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Australopithecus boisei

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A nomenclature debate among paleoanthropologists gives an alternative genus/species name for this robust East African australopith hominid population: Paranthropus boisei. In either case, this group of early hominids (extinct about 1.2 million years) is not on the direct ancestral line to contemporary Homo sapiens, standing instead in a cousin relationship to modern humans.

Adult females averaged about 3 1/2 feet in height, while adult males were about 5 feet tall.

The fossil skull shown here was the first of the East African robust australopiths found, by Mary Leakey at the base of the Olduvai Gorge in Tanzania, East Africa, in July 1959.

This skull, containing a complete set of upper teeth, shows with dramatic clarity the particular chewing evolutionary genetic response these hominids made to their specialized dietary ecological niche, involving as it did the grinding of many coarse, gritty vegetable dietary sources. They had extremely large molar teeth and chewing muscles, which attached at the top of the skull along the saggital crest shown, the purpose of which was to provide an anchoring spot for those powerful muscles. The ruggedness of the dental architecture of this specimen leads scholars to the conclusion that it was male; he carries a potassium/argon date of 1.8 million years.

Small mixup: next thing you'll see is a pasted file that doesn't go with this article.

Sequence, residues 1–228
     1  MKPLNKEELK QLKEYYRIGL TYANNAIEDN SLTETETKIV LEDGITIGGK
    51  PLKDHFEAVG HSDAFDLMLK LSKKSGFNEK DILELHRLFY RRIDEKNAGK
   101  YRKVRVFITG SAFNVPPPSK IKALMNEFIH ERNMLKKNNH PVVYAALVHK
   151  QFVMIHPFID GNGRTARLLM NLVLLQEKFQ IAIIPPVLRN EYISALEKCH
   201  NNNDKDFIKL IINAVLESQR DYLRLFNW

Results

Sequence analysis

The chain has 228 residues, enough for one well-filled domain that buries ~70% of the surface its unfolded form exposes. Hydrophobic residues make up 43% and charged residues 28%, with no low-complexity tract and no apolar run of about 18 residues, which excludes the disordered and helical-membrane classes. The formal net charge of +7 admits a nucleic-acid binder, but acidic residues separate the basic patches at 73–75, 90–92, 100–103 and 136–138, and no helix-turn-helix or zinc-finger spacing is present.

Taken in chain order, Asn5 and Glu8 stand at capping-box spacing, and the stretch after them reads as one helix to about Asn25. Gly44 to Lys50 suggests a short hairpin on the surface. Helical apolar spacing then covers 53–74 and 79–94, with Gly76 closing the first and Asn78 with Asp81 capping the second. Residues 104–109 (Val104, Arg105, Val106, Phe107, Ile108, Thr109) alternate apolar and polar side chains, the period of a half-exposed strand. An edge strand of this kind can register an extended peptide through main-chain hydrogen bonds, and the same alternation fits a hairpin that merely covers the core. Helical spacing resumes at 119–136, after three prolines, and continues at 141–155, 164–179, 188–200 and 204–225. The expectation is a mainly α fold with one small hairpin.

This skull has come to have the personal nickname of "Zinj" after the original genus name (Zinjanthropus) which Mary and Louis Leakey suggested, a bit of nomenclature which did not become accepted by their fellow paleoanthropologists.

The cranial capacity of this skull measures out at 530 ml., a typical value for these hominids. There is a consensus among physical anthropologists that while these hominids most certainly used wooden tools for such tasks as digging up gritty roots and tubers as food sources, they probably did not manufacture stone tools.

They apparently became extinct because their specialized dietary ecological niche was too narrow a resource base to allow them to compete successfully with their contemporary omnivorous cousins of the genus Homo.

The catalog number for Zinj is OH 5.

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